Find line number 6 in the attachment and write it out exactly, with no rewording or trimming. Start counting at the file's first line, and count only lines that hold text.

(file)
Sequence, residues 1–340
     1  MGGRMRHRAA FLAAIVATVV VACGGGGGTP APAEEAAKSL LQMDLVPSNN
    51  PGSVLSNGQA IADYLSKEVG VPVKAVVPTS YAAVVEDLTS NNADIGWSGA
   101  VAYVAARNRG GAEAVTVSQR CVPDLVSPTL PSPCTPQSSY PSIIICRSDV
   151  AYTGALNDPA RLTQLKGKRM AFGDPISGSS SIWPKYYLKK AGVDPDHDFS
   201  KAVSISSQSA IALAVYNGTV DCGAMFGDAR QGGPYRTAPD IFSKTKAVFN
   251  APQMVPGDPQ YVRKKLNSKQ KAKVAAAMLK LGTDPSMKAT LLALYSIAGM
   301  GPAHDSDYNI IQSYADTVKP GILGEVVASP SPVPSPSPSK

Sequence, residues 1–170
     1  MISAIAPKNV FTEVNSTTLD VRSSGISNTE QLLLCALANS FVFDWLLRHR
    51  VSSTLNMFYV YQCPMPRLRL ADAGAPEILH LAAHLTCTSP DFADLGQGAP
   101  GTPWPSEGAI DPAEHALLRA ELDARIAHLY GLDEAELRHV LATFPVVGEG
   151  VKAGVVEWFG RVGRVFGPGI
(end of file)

   201  KAVSISSQSA IALAVYNGTV DCGAMFGDAR QGGPYRTAPD IFSKTKAVFN